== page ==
Pahlavi Texts, Part III (SBE24), E.W. West, tr. , at sacred-texts.com
1. The sage asked the spirit of wisdom (2) thus: 'Is poverty good, or opulence 1?'
3. The spirit of wisdom answered (4) thus: 'Poverty which is through honesty is better than opulence which is from the treasure of others. 5. For it is stated (6) thus: "As to him who is the poorest and most secluded (armêsttûm) 2 person, whenever he keeps his thoughts, words, and deeds honest, and in duty to the sacred beings, for him even there is lawfully a share of all the duties and good works which mankind shall do in the world 3. 7. As to him, too, who is opulent, who is a man of much wealth, when the wealth is not produced by honesty, though he takes trouble (angînakŏ) in 4 duties and good works and righteous gifts, his good work is then not his own, (8) because the good work is his from whom the wealth is abstracted 5."
9. 'And as to that much wealth which is collected by proper exertion, and one consumes and maintains with duties and good works and pleasure, even that is no better thereby, (to) because it is necessary to consider that as perfect. 11. But as to him who is a man of much wealth, whose wealth is collected by proper exertion, and he consumes and maintains it with duties and good works and pleasure, he is great and good and more perfect 1.
12. 'And regarding even that which is sovereignty they state (13) thus: "What is 2 good government in a village is better than what is 2 bad government in a realm. 14. Because the creator Aûharmazd produced good government for effecting the protection of the creatures, (15) and Aharman, the wicked, has produced bad government as the adversary of good government."
16. 'Good government is that which maintains and directs a province flourishing, the poor untroubled, and the law and custom true, (17) and sets aside improper laws and customs. 18. It well maintains water and fire by law 3, (19) and keeps in progress the ceremonial of the sacred beings, duties, and good works. 20. It causes friendliness
and pleading 1 for the poor, (21) and delivers up itself, and even that which is its own life, for the sake of the good religion of the Mazda-worshippers. 22. And if there be any one who desists from the way of the sacred beings, then it orders some one to effect his restoration thereto; (23) it also makes him a prisoner, and brings him back to the way of the sacred beings; (24) it allots, out of the wealth that is his, the share of the sacred beings and the worthy, of good works and the poor; (25) and delivers up the body for the sake of the soul 2. 26. A good king, who 3 is of that kind, is called equal to the angels and archangels.
27. 'Bad government is that (28) which destroys the true and proper law and custom, (29) and brings 4 oppression, plunder, and injudiciousness into practice. 30. It dissipates the treasure of the spiritual existence, (31) and considers duty and good works a vexation, through greediness 5. 32. It keeps back a person performing good works from doing good works, (33) and he thereby becomes a doer of harm. (34) Its disbursement 6, too, of every kind is for its own self, (35) the administration of 7 the treasure
of the worldly existence, (36) the celebrity 1 and exaltation of the vile, (37) the destruction and neglect of the good, (38) and the annihilation of the poor. 39. A bad king, who 2 is of that kind, is called equal to Aharman and the demons.'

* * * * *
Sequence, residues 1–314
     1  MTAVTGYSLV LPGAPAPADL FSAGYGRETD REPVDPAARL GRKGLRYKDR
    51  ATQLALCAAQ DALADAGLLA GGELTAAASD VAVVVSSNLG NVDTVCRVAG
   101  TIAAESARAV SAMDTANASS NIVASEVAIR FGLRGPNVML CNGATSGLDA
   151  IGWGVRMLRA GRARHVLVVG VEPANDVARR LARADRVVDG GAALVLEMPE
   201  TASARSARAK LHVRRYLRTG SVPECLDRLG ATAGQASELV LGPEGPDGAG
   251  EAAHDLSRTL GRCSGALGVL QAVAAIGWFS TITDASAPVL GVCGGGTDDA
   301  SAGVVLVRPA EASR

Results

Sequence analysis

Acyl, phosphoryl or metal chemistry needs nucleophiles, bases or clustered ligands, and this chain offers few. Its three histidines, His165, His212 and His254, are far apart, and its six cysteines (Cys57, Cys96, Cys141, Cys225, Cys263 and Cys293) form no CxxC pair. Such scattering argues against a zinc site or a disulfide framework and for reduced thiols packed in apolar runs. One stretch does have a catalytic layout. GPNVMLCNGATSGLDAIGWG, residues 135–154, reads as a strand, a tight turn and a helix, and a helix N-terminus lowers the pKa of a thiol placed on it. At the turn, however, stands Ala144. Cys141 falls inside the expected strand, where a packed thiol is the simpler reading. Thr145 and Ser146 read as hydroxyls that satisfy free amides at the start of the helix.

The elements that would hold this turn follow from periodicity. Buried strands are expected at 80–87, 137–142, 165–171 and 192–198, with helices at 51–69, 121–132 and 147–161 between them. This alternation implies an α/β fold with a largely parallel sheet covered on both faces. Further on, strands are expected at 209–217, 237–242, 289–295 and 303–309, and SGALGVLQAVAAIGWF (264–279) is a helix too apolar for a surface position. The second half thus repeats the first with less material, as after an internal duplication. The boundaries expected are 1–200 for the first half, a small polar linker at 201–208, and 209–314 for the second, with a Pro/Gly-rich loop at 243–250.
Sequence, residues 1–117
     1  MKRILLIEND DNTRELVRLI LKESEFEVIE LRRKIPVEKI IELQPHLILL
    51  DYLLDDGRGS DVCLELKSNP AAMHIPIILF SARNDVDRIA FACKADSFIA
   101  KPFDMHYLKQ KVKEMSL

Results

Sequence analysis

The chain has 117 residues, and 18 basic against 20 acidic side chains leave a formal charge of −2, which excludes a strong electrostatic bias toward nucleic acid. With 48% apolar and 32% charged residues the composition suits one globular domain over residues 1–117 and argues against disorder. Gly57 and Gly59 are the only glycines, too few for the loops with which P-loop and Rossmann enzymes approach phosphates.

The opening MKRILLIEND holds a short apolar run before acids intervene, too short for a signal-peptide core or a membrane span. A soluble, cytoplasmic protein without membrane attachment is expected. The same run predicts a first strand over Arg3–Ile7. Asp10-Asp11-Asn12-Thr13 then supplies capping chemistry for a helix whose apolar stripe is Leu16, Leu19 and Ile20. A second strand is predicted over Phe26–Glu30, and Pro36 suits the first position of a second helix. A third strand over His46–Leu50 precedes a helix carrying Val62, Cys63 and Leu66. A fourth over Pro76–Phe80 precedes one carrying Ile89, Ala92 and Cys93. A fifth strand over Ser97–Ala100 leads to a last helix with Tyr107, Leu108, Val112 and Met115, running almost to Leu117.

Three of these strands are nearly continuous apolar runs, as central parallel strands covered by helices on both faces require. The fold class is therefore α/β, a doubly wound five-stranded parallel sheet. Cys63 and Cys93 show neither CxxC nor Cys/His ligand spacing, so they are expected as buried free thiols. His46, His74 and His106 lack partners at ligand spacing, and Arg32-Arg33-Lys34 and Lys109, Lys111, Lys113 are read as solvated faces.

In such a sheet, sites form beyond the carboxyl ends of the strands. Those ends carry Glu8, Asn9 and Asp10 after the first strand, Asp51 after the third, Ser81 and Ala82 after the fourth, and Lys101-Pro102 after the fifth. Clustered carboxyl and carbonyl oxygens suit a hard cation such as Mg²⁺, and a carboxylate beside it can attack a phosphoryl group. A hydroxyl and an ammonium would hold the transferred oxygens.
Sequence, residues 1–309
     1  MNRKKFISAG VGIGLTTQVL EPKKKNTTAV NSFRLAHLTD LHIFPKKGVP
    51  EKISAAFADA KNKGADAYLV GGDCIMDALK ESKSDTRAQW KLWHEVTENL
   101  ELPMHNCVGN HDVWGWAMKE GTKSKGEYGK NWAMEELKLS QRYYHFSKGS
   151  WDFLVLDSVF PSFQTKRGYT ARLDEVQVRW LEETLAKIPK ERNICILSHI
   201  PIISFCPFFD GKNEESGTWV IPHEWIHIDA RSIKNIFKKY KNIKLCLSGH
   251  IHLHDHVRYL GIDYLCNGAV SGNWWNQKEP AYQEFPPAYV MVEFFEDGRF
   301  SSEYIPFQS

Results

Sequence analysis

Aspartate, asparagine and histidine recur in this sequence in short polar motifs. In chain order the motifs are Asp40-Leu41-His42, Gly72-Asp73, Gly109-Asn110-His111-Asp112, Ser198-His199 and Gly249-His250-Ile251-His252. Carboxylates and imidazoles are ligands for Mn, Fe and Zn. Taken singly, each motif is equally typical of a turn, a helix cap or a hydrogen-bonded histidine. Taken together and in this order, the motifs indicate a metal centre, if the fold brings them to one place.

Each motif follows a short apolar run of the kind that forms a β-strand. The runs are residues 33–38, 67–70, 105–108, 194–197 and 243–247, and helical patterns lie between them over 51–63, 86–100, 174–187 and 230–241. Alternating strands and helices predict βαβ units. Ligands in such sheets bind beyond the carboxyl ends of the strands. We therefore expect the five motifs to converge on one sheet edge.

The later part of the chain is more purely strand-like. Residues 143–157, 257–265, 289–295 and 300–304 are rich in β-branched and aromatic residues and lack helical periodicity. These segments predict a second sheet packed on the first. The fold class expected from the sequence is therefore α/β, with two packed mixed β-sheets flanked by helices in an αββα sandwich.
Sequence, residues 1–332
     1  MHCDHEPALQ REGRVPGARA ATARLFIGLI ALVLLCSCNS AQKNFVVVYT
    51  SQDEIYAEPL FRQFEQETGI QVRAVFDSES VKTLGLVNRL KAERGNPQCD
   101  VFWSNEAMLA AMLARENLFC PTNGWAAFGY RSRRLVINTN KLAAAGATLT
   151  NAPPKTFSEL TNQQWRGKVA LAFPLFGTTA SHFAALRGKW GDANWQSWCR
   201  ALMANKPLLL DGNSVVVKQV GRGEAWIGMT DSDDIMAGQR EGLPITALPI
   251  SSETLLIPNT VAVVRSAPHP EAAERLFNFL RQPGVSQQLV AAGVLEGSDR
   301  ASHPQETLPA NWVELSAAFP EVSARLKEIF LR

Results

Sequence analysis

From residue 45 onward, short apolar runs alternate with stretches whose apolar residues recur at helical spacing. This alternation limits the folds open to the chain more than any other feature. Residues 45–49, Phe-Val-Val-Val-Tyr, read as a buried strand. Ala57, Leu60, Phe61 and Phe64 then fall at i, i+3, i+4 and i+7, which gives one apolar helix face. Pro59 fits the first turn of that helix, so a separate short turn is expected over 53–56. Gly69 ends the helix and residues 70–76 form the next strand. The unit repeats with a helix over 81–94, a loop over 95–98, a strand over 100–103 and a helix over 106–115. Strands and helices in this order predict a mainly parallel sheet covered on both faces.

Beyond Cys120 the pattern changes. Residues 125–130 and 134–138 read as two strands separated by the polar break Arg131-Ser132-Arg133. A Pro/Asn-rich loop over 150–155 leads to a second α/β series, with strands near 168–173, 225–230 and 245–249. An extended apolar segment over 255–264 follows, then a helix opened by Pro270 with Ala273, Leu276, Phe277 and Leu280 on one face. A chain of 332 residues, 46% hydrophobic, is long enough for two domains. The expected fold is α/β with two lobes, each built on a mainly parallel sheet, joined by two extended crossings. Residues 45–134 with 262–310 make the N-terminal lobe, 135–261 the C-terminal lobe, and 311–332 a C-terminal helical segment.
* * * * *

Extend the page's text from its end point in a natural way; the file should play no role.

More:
42:1 L19 adds 'or sovereignty,' to account for §§ 12-39.
42:2 Av. armaêsta, applied to water, means 'most stationary, stagnant;' Pahl. armêst (Av. airima) is applied to the place of 'seclusion' for impure men and women, and in Sls. VI, 1 it seems to refer to 'helpless' idiots or lunatics; Nêr. explains it in Sanskrit as 'lame, crippled, immobility,' but 'secluded, immured, helpless' are terms better adapted to the context, whether the word be applied to persons, as it is here and in Chaps. XXXVII, 36, XXXIX, 40, or to learning and character, as in Chap. LI, 7.
42:3 Persons who are wholly unable to perform good works are supposed to be entitled to a share of any supererogatory good works performed by others (see Sls. VI, 1, 2), but the allotment of such imputed good works seems to be at the discretion of the angels who keep them in store (see Sls. VIII, 4).
42:4 Nêr. has 'makes expenditure on,' by reading khvazînak, as in Chap. XIII, 3.
42:5 § 8 does not occur in L19, but is found in TD2, PA10, and MH7.
43:1 That is, the proper use of wealth does not make the wealth itself any better, but only the rightful possessor of it. This is, however, probably only an emendation of Nêr., as the copy of TD2 gives merely the following, for §§ 9-11: 'But as to him who is a man of much wealth, by whose proper exertion it is collected, and he consumes and maintains it with duties, good works, and pleasure, he is no better thereby, because it is necessary to consider him as perfect.'
43:2 L19 omits 'what is' in both places.
43:3 TD2 omits 'maintains,' as it is sufficiently expressed by the same Pahl. verb 'keeps' in § 19; and. L19 omits 'by law.'
44:1 Reading dâdŏ-gôbîh, 'pronouncing the law,' or 'speaking of gifts,' instead of Pâz. gâdangôî, a misreading of Nêr. for Pahl. yêdatô-gôbîh, speaking of the sacred being.'
44:2 The usual way of treating nonconformists in all ages and all sects, when party spirit is strong. TD2 has 'delivers him up for the sake of body and soul.'
44:3 TD2 has 'good government which.'
44:4 TD2 has 'keeps;' but the two verbs are much alike in Huzvâris.
44:5 Because nearly all such works entail expenditure.
44:6 Nêr. has 'accumulation,' but this is the meaning of andôzisn, rather than of the andâzisn in the text.
44:7 So in TD2.
45:1 Reading khanîdîh as in TD2 and Chap. II, 28.
45:2 TD2 has 'bad government which.'